Yesterday, ad industry body Digital Advertising Alliance issued a statement that said that the “Do Not Track” settings of Microsoft’s upcoming Internet Explorer 10 were not an appropriate standard for customers. Today, the co-Chairs of the Bi-Partisan Privacy Caucus have spoken out, saying that the DAA is putting “profits over privacy” by putting down “Do Not Track”.
Specifically, the fact that the “Do Not Track” setting is on by default, and not an opt-out feature, has the DAA up in arms. And Joe Barton (R-Texas) and Edward J. Markey (D-Mass.) have come out in support of the ‘opt-in’ option that Microsoft has proposed.
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Here is the statement from Barton and Markey:
Privacy is an issue that affects everyone, and the Digital Advertising Alliance’s announcement made clear that it puts profits over privacy. If consumers want to be tracked online, they should have to opt-in to be tracked, instead of the other way around. This is why we are disappointed to hear the Digital Advertising Alliance insist that it will not honor Microsoft’s “Do Not Track” default and will not penalize companies that ignore it.
“While we appreciate the efforts industry has taken to develop a ‘Do Not Track’ signal, we have long endorsed a standard that allows consumers to affirmatively choose whether to permit collection of their personal information and targeting of advertisements. Until we have stronger privacy laws in place that mandate a company adhere to a consumer’s preference, especially for children and teens, consumers and their personal information will remain at risk
This isn’t the first time that the DAA has spoken out against the way that “Do Not Track” is implemented in IE10 either, and Microsoft’s chief privacy officer Brendon Lynch has written in support of the company’s choice.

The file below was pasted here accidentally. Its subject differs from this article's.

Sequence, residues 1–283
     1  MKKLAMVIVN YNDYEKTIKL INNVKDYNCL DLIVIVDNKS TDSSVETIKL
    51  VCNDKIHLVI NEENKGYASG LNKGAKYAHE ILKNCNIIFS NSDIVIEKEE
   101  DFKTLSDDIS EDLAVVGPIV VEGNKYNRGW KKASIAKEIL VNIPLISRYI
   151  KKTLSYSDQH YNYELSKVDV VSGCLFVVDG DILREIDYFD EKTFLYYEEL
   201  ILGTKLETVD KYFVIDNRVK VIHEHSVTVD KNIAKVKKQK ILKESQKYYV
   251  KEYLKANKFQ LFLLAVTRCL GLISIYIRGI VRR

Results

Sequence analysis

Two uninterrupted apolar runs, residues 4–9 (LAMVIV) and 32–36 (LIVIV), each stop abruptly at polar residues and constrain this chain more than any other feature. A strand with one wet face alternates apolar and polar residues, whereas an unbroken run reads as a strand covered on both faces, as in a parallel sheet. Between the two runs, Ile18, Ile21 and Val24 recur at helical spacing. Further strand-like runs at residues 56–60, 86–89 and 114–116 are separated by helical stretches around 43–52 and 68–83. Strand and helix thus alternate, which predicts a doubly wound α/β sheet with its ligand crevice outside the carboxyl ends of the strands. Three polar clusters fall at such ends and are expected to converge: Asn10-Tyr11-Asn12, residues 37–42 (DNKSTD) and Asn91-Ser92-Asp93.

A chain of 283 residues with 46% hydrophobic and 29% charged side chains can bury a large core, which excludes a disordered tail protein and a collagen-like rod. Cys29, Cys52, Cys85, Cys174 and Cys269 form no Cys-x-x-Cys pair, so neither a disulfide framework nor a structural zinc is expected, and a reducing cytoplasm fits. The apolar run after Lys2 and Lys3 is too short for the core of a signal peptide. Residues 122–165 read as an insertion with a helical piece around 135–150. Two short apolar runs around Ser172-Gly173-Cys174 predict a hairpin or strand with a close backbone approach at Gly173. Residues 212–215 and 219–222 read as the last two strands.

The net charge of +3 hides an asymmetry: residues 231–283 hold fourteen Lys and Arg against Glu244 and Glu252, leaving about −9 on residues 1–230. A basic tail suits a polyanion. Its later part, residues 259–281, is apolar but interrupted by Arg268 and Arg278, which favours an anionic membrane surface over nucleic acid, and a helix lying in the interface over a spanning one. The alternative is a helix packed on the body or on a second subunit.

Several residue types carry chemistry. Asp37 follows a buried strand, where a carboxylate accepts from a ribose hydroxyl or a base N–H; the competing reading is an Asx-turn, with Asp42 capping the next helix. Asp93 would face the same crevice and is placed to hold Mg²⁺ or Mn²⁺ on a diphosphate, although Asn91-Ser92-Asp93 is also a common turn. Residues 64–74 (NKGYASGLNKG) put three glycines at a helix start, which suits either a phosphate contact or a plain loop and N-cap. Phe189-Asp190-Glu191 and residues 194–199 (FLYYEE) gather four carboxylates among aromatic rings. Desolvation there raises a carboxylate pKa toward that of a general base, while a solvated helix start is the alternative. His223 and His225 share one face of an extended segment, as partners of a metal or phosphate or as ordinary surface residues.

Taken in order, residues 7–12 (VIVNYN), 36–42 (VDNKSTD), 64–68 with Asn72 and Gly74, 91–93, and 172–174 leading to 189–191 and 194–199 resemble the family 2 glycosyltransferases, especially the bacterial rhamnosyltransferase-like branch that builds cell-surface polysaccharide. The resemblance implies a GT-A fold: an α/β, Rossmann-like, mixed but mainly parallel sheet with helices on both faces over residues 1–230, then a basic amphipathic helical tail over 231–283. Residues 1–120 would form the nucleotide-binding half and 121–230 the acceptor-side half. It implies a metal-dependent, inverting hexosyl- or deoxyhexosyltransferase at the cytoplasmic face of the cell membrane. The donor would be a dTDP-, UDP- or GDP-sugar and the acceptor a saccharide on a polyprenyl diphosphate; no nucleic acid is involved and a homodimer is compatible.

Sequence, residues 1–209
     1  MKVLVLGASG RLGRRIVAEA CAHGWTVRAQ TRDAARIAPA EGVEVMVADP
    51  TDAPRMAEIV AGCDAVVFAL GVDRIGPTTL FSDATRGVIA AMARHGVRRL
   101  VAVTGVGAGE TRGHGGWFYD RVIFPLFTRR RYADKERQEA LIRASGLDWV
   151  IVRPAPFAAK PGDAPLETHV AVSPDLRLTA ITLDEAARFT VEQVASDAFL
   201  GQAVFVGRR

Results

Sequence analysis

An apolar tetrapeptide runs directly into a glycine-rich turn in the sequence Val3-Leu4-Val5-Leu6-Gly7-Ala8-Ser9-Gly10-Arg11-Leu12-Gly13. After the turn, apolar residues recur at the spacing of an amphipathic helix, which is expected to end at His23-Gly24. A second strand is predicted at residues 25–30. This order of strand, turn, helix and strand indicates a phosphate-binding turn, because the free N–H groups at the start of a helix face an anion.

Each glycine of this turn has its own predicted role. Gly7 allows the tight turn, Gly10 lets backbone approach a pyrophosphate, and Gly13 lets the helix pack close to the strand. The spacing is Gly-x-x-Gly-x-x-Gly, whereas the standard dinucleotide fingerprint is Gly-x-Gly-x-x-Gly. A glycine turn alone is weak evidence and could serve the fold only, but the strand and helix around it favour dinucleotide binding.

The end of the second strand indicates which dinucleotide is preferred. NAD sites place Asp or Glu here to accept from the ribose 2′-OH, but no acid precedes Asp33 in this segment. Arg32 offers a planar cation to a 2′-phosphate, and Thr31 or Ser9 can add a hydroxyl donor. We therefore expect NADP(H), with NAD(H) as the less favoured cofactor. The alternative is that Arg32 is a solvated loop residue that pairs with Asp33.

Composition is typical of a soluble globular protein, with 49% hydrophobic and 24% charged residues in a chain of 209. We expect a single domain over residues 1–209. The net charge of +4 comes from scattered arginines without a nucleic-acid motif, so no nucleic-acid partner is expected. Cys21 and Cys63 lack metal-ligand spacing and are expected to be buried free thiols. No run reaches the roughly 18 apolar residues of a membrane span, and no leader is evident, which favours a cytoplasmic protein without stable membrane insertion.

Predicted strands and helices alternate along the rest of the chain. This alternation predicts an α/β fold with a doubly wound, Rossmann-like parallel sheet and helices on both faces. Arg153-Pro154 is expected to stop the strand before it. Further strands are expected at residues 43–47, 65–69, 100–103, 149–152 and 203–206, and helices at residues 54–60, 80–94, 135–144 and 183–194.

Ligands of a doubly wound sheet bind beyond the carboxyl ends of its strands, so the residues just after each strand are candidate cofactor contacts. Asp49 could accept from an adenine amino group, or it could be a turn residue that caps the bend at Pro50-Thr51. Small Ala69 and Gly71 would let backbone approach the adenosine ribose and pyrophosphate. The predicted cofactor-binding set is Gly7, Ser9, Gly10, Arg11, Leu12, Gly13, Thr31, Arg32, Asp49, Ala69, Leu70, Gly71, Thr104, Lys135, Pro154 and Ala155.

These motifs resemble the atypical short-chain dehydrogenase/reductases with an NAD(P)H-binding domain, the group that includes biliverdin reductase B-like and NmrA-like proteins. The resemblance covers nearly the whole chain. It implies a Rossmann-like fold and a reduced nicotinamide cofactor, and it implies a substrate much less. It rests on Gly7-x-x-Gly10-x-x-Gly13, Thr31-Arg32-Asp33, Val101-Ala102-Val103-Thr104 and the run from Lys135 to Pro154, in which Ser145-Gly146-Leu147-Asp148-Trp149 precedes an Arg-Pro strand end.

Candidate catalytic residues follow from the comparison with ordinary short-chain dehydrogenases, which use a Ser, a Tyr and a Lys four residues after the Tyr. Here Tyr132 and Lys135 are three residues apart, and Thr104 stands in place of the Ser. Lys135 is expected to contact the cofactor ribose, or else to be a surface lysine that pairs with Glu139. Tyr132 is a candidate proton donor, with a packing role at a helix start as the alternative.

Basically, the DAA is trying to take the tack that having the “Do Not Track” option on by default in IE gives Microsoft ‘too much control’ over what kinds of information that users receive. It’s trying to pitch the tracking of users to deliver information as a good thing. From its statement:
Allowing browser manufacturers to determine the kinds of information users receive could negatively impact the vast consumer benefits and Internet experiences delivered by DAA participants and millions of other Web sites that consumers value.
Barton and Markey don’t seem to agree, and I’m pretty happy with that.
The Do Not Track mode blocks tags of data used by advertisers and website owners to track users across their sites and networks. While most uses of these ‘cookies’ aren’t malicious in nature, they can provide a wealth of information about users to advertisers.
Internet company Yahoo has already announced plans to ‘roll its own’ Do Not Track service by ‘early summer’. Google has stated that its Chrome browser will also support a ‘do not track’ feature of sorts, although some cookies, like those used for law enforcement and market research, will still be allowed. Twitter announced that it would be supporting the DNT standard on its platform earlier this year.
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